Roddick said something about the dumbest rules in sport, and then the thing about not dancing unless there’s music.

I can just hear Roddick arguing when he was a 6-year old. His teacher tells him that he added 2 plus 2 wrong, and that he just needs to take his No. 2 pencil and re-figure the problem.

“Hold on a minute. This is a No. 3 pencil. What makes you think it’s No. 2? At least know what you’re talking about.’’

OK, fine. It’s a No. 3 pencil.

That doesn’t change the fact: Roddick still can’t add two and two. But at least he would have tried to get the rest of the test right. Silly as he has looked at times, there had always been pride in his fight.



About gregcouch

I can talk tennis all day long, and often do. And yet some of the people I talk to about it might rather I talk about something else. Or with someone else. That’s how it is with tennis, right? Sort of an addiction. Sort of a high. I am a national columnist at FoxSports.com and a FoxSports1 TV insider, and have been a columnist at the Chicago Sun-Times. In 2010, I was the only American sports writer to cover the full two weeks of all four majors, and also to cover each of the U.S. Masters series events. I’ve seen a lot of tennis, talked with a lot of players, coaches, agents. I watched from a few rows behind the line judge as Serena rolled her foot onto the baseline for the footfault, a good call, at the 2009 U.S. Open. I sat forever watching a John Isner marathon, leaving for Wimbledon village to watch an England World Cup soccer game at a pub and then returning for hours of Isner, sitting a few feet from his wrecked coach. I got to see Novak Djokovic and Robin Soderling joke around on a practice court on the middle Sunday at Wimbledon, placing a small wager on a tiebreaker. Djokovic won, and Soderling pulled a bill out of his wallet, crumpled it into his fist and threw it at Djokovic, who unwadded it, kissed it, and told me, “My work is done here.’’ And when Rafael Nadal won the French Open in 2010, I finished my column, walked back out onto the court, and filled an empty tic tac container with the red clay. I’m looking at it right now. Well, I don’t always see the game the same way others do. I can be hard on tennis, particularly on the characters in suits running it. Tennis has no less scandal and dirt than any other game. Yet somehow, it seems to be covered up, usually from an incredible web of conflicts of interest. I promise to always tell the truth as I see it. Of course, I would appreciate it if you’d let me know when I’m wrong. I love sports arguments and hope to be in a few of them with you here. Personal info: One-handed backhand, serve-and-volleyer. View all posts by gregcouch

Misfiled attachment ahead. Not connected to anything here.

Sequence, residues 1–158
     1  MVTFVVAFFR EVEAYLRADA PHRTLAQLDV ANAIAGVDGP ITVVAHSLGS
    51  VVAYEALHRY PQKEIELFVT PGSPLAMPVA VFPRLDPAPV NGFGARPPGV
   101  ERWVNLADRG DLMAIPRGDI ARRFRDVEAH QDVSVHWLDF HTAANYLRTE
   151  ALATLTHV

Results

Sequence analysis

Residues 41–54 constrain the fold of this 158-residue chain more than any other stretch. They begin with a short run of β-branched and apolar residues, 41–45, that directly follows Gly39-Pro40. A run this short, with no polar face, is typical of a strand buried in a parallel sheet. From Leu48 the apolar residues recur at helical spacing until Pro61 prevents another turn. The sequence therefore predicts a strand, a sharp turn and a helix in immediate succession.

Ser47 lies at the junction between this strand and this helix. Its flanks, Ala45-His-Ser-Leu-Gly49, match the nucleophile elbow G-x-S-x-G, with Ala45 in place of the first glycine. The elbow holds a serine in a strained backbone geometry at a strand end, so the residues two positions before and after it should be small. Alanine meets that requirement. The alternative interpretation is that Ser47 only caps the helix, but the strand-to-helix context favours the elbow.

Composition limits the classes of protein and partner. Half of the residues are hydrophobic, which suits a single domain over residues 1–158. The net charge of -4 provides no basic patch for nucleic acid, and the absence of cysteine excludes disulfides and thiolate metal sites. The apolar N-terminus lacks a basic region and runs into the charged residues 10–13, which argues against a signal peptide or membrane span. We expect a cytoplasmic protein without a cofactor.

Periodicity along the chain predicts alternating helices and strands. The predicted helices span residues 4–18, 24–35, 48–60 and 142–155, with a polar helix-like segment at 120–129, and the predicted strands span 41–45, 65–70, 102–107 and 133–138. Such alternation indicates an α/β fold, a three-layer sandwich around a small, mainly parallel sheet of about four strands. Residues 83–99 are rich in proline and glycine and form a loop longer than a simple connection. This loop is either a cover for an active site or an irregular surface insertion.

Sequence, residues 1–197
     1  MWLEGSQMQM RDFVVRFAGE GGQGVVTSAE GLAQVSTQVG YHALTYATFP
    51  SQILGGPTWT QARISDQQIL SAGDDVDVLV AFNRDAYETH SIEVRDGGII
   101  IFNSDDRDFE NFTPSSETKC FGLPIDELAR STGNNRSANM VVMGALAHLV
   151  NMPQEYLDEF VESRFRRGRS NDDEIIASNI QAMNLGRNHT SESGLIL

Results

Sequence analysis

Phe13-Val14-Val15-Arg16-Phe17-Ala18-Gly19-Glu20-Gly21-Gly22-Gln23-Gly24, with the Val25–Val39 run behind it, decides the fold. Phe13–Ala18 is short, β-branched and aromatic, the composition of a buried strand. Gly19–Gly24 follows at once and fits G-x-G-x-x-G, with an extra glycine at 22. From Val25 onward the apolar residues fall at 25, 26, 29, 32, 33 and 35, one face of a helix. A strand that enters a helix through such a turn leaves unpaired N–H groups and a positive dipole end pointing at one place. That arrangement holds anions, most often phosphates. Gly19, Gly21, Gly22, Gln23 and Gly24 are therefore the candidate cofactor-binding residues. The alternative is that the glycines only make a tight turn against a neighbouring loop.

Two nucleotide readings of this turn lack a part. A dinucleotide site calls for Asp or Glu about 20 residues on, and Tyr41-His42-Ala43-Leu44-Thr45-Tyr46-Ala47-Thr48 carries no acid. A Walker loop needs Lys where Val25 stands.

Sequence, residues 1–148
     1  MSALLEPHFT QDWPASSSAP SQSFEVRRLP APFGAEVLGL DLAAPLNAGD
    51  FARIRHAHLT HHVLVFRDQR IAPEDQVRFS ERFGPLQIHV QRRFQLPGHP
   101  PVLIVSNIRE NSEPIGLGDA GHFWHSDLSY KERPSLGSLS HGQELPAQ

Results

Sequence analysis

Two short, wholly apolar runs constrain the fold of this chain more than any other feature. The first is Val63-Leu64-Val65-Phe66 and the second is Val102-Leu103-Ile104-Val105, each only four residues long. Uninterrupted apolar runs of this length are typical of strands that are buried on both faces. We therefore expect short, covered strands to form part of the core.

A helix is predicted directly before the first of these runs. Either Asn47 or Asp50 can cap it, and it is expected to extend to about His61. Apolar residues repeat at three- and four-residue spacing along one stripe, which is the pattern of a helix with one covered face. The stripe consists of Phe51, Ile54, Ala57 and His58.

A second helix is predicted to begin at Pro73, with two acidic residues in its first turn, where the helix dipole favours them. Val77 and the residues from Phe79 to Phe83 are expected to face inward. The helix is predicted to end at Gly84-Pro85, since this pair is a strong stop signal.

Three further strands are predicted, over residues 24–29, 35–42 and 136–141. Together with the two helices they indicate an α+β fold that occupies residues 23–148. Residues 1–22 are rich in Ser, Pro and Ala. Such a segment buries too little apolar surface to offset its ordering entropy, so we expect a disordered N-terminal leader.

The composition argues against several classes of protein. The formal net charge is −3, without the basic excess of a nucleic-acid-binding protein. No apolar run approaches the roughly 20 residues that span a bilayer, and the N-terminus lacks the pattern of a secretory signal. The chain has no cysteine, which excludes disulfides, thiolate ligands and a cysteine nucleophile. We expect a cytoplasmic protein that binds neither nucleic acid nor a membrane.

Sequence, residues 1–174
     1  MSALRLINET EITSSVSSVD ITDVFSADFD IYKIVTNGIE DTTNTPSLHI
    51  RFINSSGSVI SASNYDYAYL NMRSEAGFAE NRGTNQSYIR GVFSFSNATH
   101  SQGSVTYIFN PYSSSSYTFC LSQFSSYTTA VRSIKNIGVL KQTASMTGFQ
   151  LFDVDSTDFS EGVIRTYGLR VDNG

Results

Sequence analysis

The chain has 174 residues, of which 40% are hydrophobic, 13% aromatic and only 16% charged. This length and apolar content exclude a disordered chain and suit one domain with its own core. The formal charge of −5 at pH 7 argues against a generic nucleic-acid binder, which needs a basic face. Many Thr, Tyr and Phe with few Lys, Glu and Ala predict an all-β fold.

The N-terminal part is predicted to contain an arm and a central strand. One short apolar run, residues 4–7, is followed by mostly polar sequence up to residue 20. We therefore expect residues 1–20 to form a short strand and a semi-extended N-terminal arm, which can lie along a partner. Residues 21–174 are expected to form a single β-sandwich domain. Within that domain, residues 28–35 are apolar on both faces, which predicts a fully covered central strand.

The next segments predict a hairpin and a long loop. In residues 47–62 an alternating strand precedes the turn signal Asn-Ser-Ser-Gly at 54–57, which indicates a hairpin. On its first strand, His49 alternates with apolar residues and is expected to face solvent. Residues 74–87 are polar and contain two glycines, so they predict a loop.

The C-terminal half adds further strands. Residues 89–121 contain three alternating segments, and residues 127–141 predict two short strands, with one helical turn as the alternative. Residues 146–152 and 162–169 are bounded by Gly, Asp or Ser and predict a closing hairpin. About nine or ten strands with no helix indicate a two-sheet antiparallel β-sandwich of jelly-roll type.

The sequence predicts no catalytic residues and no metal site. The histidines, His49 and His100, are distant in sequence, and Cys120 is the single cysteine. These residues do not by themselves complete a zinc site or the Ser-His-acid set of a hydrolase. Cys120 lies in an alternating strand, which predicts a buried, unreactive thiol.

11 responses to “Widdle Andy Woddick has Another Tantrum. But this one had a Twist

  • Annie

    “…that his career isn’t going to end up the way he expected…”

    The way HE expected or the way the media, YOU, expected? Because frankly Roddick has had the kind of career most tennis players would kill for, and he’s achieved many of his dreams, the only one missing is Wimbledon. Nobody’s perfect. Even the GOAT Sampras had to live with the idea that he didn’t quite achieve all that he wanted.

    Andy Murray is still trying to nab his first slam title. If so-called gifted players like him are having a hard time in the Federer-Nadal era, then it’s even more impressive what so-called ‘one trick ponies’ like Roddick has managed to do in the same era.

    By the way, your entry is awfully petty-sounding. A shame you couldn’t rise above it all to give us a more professional viewpoint.

    • Anne

      Actually Roddick used to talk frequently about winning more grand slams, so yes, *he* did expect it to go a different way. Really, you think he’s satisfied? He wouldn’t be so frustrated if he were.

  • redredwein

    Well said, Annie. I don’t recall anyone else challenging a dominating Federer as consistently as Andy did, even if he did come up short. It was not the best way to cope with his frustration, but your mockery of him is what’s really childish.

  • Travis